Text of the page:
When you are running up a hill, a great tip is to keep your head up with your eyes focused on the top of the hill. Doing this will open up your airways more than hunching your body forward. When your airways are open, your breathing is improved, which makes it easier to run up the hill.

Increase the speed of your strides, not the distance. When you shorten your stride but up the speed, you will have better form and increase your endurance. You can always move back to longer strides later, but to reap the benefits of a better run, speed up and take smaller steps.

Therefore, if you follow these tips, you will be well on your way to getting into the shape you need to be in for your race. These tips show that you don’t have to be in your teens or twenties in order to compete in a 5K or even a marathon. You just need to put in hard work, and the results will follow.…

Poached Egg & Butternut Squash Breakfast Kale Salad

Poached eggs on toast may be one of my favorite meals. The combination of the crunchy toast and the creamy yolk is just divine. Add in avocado, roasted tomatoes or a garlic cheese spread to the mix and I’m legitimately in heaven.

If you follow me on Instagram, I’m sure you’ve seen many pictures posted of this dish. I can’t believe in my year+ of blogging that I haven’t actually shared many breakfast recipes on the blog. Breakfast is my favorite meal of the day!

Well, I’m hoping to change that over time, starting today.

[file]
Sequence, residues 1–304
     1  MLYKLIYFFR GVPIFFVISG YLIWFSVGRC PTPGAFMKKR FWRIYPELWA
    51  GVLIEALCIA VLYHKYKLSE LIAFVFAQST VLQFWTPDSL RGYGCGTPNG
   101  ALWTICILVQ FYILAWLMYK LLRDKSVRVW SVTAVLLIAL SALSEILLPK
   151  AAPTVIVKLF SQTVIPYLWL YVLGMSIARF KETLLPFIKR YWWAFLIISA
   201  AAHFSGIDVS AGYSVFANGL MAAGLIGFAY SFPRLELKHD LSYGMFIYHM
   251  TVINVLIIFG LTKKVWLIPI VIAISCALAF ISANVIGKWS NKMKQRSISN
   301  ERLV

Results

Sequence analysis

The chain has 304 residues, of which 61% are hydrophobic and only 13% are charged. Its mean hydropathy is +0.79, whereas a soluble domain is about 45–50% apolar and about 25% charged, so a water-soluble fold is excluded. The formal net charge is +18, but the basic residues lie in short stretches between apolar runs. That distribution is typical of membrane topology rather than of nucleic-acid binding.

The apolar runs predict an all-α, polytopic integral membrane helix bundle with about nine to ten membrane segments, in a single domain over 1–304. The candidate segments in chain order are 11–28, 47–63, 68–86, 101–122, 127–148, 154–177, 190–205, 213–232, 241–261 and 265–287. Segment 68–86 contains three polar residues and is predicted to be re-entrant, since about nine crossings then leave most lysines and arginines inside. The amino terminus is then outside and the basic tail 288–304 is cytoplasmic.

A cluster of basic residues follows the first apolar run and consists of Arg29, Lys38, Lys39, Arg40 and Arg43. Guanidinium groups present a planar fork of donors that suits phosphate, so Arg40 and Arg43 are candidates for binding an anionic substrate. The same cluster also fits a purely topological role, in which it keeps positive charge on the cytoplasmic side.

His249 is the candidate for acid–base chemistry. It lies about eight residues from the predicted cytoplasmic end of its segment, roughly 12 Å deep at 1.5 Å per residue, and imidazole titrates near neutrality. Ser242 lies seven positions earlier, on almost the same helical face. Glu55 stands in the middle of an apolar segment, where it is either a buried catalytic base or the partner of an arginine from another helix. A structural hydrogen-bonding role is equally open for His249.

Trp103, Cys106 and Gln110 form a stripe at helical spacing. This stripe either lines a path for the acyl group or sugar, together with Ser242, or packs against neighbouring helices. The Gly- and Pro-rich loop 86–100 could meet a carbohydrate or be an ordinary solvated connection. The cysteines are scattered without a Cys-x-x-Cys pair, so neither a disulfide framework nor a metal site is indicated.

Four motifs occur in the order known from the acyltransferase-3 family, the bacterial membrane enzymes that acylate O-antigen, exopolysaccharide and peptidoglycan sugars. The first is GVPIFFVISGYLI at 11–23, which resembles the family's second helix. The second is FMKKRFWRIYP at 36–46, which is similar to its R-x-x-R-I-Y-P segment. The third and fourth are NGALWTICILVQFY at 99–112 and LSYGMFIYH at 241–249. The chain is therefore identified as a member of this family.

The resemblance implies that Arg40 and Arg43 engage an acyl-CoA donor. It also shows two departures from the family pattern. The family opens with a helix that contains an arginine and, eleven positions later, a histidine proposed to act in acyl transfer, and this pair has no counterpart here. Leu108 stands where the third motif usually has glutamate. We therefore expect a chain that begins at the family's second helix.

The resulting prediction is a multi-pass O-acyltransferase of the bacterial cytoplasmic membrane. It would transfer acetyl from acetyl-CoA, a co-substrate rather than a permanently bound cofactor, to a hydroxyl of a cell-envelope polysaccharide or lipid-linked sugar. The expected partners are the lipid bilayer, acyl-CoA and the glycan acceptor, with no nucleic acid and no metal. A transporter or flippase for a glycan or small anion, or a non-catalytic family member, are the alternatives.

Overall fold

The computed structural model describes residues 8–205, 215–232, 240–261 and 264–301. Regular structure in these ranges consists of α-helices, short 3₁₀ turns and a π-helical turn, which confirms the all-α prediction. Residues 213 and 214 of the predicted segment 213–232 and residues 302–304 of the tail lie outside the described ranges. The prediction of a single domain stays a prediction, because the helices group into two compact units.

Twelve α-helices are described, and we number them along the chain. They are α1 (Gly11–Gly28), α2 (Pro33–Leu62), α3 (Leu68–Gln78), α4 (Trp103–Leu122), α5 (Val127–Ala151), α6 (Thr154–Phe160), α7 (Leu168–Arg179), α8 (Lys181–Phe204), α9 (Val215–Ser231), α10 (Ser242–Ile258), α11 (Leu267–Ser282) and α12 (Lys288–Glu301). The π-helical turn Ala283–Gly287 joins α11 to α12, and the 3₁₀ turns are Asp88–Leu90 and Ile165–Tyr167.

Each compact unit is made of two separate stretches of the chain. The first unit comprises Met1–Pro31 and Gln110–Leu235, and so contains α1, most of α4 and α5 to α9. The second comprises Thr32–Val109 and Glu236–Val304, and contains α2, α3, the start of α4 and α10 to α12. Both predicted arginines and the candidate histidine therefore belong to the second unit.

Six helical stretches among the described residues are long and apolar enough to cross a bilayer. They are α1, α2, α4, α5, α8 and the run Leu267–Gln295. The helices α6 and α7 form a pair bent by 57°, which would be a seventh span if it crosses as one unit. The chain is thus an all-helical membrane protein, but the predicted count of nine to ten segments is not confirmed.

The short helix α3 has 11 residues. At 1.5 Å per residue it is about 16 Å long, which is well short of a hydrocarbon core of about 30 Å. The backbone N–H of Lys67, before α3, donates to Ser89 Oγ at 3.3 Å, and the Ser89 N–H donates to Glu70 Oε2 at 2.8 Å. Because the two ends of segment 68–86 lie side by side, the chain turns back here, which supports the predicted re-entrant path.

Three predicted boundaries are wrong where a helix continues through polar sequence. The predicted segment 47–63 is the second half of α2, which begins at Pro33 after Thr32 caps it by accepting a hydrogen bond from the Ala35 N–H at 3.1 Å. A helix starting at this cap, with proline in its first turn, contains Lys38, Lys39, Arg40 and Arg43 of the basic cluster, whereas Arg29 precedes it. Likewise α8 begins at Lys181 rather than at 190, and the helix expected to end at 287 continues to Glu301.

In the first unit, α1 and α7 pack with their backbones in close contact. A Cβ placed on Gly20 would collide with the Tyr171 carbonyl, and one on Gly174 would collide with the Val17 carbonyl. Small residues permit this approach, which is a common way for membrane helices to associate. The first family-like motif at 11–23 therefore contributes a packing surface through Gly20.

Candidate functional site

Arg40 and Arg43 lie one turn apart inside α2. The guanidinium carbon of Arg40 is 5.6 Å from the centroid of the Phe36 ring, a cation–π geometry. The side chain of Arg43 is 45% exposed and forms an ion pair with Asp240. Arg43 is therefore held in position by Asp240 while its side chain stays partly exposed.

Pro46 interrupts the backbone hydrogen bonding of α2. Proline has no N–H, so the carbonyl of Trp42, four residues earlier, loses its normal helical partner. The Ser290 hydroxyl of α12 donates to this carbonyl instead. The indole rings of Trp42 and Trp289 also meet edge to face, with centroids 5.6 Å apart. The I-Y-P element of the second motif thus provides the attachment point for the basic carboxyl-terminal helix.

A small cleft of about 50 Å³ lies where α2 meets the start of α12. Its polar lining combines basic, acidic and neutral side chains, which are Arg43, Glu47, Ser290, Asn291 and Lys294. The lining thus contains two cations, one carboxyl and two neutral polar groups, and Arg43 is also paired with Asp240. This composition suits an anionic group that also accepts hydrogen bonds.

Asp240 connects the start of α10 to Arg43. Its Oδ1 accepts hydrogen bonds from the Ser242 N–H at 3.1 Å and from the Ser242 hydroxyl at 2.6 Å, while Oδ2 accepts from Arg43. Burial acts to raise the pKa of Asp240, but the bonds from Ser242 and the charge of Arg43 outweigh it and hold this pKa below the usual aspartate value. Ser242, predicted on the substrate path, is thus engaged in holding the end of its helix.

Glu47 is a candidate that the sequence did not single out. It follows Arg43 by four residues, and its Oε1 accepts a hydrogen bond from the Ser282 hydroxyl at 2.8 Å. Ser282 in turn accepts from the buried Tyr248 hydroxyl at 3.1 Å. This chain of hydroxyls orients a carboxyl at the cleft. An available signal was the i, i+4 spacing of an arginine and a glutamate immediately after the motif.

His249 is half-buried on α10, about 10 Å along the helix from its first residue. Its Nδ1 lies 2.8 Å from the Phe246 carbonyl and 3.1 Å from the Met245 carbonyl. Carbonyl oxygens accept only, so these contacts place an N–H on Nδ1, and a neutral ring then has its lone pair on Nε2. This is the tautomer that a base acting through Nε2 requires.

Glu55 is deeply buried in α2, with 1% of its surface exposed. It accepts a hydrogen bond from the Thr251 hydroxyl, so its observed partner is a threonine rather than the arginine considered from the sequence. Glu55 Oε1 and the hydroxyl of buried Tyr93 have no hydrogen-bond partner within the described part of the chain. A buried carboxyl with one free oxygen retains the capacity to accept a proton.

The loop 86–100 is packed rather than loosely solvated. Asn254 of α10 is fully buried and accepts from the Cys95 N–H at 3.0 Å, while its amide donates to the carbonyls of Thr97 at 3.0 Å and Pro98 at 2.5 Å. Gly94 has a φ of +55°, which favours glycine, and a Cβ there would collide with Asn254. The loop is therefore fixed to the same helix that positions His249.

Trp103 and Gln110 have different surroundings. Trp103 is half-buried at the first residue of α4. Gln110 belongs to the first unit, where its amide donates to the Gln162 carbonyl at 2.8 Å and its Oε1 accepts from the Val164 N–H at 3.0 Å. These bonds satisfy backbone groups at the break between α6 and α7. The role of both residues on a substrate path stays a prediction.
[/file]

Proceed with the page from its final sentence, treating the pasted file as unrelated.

I think it’s important to start the day with a hearty breakfast. Most weekday mornings that’s a bowl of cereal or oatmeal with dried cherries and sliced almonds, but the weekends — that’s my time to play. Nothing beats a leisurely Saturday or Sunday morning in the kitchen with some coffee (with Rum Chata – thank you to Zan’s sister, Lindsay, for introducing it to us in the islands!) and time to cook up a delicious breakfast.

I love, love, love the combination of hearty sauteed kale with a roasted vegetable. So I figured I’d combine the two and throw a few poached eggs on top — why not?! I added in a some chopped walnuts for crunch and was left with a delicious breakfast salad to inhale enjoy.

Hope you fellow egg lovers give it a try!…

Spicy Mushroom Miso Soup + My Thoughts on Plant-Based Eating

More soup… I know. I know. I need to get a grip, but I can’t. I keep coming across so many good recipes that I need to make and enjoy immediately.

I recently picked up Brendan Brazier’s Thrive Energy Cookbook and can’t wait to make all of the things. First up: spicy mushroom miso soup (vegan).

It’s the perfect balance of savory and spicy. I was pleasantly surprised how rich the broth was being all veggie-based, and the meaty mushrooms left me feeling very satisfied for several hours. Plus, any soup topped with scallions and bean sprouts has a very special place in my heart (cough, pho, cough). These aren’t the prettiest photos in the world, but I’m tellin’ ya it tastes so good.

Since it’s in a cookbook and I don’t see it anywhere online, I can’t post the recipe. But if you’re interested in incorporating more plant-based recipes into your diet, get this book. Not only are the recipes great, but there’s great educational information included as well.